I can't remember where I first learned of the Miss Read books, though I do remember that it was the spring of 2006 and I bought a few of the novels as a birthday gift for my ex. Miss Read writes about two cozy villages in rural England and I knew the books would please her so I picked out a few, thinking they would be something we would enjoy together. She hit the road before she read the books, and in packing up her things she didn't take them. By default, the books became mine.
For the first few months, their mere presence in my home was a painful reminder of how my world had suddenly exploded into misery. So I tucked the books away. But I didn't forget about them, because the premise of the stories appealed to me. Over the course of nearly 40 years of writing, Miss Read (in actuality a retired English school mistress by the name of Dora Saint), wrote countless stories. Totaling more than 40 novels, most of them taking place in the imaginary world of Thrush Green, a town in the Cotswolds, and Fairacre, a town on the edge of the downs, they are stories of daily life. The narrator offers plenty of commentary; occasionally those comments are a tad biting, but in a mannered English style that reminds me of Jane Austen.
I picked up the first book, Thrush Green, on one of my many sleepless nights in the summer of 2006. And, as I read the story, for the first time in more than two miserable months, I was distracted from my own overwhelming unhappiness. I felt a bit like Alice, falling into my own private warren, this one an ordinary place populated by ordinary people. But oh, the charm of that ordinary .....every time I opened one of her books, Miss Read succeeded in taking me to a place outside my own sadness.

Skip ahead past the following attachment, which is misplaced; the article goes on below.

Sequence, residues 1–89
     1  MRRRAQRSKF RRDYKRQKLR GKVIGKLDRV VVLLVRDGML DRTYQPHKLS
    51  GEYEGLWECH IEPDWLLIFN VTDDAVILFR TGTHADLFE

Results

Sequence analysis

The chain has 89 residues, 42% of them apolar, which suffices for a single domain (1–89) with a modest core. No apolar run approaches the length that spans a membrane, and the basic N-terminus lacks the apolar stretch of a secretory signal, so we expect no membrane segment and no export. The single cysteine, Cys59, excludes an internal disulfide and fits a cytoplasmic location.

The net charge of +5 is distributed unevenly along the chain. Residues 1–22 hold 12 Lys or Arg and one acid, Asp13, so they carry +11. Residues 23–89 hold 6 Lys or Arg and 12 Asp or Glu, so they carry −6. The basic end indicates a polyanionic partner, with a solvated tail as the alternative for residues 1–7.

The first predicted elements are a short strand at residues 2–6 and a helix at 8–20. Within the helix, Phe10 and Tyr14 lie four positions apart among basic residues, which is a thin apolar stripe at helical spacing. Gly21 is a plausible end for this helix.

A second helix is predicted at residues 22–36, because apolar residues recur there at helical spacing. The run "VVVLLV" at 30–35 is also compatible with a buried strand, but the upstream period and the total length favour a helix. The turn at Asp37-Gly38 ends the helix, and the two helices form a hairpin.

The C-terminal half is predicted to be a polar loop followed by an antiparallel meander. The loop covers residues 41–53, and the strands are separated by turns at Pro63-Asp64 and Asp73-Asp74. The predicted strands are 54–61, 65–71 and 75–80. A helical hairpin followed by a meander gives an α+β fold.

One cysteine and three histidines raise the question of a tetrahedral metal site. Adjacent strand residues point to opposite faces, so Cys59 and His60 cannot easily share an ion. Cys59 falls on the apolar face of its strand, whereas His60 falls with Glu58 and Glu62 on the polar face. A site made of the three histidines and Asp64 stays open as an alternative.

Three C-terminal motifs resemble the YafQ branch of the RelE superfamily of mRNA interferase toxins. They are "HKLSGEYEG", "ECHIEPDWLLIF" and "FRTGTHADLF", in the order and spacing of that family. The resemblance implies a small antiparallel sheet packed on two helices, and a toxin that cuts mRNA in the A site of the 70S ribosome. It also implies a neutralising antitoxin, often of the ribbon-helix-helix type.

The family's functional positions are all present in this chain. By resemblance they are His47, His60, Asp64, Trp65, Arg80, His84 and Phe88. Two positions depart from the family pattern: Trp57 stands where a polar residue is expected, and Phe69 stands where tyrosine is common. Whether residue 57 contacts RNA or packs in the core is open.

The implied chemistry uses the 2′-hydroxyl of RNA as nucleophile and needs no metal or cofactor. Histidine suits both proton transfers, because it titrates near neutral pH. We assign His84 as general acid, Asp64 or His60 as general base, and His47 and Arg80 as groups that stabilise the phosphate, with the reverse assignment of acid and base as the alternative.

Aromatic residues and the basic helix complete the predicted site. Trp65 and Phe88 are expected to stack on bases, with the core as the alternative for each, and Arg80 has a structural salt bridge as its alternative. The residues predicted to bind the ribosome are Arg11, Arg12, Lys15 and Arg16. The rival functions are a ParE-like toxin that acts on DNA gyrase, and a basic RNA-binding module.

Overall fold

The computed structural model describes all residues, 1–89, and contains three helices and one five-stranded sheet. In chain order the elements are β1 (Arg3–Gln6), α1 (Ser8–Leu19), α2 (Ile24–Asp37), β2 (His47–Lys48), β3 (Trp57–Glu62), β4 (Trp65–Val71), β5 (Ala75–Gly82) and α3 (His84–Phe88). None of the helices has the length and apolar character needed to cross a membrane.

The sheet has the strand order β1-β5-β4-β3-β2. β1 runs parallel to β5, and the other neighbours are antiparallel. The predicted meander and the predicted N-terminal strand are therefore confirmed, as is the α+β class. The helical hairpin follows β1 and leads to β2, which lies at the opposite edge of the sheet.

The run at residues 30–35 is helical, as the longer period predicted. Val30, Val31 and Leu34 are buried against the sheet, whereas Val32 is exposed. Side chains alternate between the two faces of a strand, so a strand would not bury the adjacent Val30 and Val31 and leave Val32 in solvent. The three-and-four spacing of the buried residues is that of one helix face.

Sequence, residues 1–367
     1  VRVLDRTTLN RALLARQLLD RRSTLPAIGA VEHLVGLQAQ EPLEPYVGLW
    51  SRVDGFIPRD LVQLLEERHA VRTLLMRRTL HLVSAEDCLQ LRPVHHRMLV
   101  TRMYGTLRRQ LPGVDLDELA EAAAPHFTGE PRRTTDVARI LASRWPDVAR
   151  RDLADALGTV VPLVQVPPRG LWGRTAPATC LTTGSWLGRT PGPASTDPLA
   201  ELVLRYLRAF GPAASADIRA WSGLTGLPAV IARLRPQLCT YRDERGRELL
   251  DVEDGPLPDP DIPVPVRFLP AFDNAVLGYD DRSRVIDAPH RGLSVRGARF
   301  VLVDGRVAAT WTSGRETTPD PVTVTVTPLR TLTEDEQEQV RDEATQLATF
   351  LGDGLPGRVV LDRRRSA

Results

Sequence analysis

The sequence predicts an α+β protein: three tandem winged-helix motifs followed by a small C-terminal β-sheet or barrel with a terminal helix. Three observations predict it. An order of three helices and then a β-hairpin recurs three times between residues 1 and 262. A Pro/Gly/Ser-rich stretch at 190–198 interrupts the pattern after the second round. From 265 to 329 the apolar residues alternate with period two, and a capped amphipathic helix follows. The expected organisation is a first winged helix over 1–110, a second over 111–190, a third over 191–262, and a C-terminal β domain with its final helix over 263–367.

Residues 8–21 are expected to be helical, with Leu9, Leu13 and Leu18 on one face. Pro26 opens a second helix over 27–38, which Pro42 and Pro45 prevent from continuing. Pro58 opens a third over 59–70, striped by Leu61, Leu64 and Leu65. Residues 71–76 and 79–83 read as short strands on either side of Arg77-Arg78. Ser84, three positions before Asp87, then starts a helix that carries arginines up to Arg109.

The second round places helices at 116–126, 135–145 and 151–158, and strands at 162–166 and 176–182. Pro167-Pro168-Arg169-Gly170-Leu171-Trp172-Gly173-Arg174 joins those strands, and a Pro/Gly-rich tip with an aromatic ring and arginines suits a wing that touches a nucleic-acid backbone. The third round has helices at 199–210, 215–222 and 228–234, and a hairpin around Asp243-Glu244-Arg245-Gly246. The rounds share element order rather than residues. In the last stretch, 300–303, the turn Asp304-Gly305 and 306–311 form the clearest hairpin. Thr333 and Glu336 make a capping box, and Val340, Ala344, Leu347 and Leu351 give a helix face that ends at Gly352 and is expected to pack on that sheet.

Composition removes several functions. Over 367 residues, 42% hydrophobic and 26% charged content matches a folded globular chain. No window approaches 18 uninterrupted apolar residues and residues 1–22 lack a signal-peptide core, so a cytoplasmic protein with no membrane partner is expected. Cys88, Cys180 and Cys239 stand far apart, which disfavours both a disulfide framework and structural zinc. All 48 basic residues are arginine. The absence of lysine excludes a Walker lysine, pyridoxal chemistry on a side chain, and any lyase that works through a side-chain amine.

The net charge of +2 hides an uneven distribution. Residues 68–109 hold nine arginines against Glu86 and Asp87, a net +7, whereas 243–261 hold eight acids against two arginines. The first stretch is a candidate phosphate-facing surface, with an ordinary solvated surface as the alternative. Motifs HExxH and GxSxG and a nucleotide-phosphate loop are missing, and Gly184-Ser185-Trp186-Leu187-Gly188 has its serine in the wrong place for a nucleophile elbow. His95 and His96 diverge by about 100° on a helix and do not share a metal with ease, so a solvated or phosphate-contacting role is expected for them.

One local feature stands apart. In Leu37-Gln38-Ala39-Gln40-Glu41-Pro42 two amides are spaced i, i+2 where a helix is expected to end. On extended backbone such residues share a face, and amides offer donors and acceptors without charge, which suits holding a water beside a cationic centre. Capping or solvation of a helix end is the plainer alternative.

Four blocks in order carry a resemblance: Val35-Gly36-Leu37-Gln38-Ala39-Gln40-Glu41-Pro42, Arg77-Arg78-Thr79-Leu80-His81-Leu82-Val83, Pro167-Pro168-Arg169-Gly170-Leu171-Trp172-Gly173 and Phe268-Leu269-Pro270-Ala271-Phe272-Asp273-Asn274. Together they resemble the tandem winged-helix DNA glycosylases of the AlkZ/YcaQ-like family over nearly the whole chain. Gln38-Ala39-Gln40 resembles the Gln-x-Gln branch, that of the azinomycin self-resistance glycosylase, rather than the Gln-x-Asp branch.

The towns are populated by a cast of quirky and engaging characters, figures so well-illustrated that I've come to feel that they are utterly real. I admire Miss Clare and I'm amused by the Lovelock sisters. I know my share of Mrs. Pringle-types, and can laugh at them a bit more easily now. I'd like to enjoy a cup of tea with Miss Read (we'd grab one in Caxley, after we did some shopping) and I dearly wish that Mr. Willet would come and give me some advice about my garden. I admire Charles Henstock's good-humored grace and kindness, I'd like to replicate some of Nelly Piggot's cakes from The Fuschia Bush.
In short, I love these books and their happily ordinary population. There are so many Miss Read books that I made plans to stretch out the satisfaction. This fall, I'm reading the last of the collection for the first time. But as I know from previous re-reads of many of her books, the comfort of her world is just as happy on the second reading.
We're heading into some cold weather and that's the perfect time pick up one of these cozy books. Here's the link to the many Miss Read titles available on-line at Borders. I recommend them all. Seriously; every one is lovely. Grab your favorite warm cardigan and make yourself a pot of tea. And settle in for a most happy read.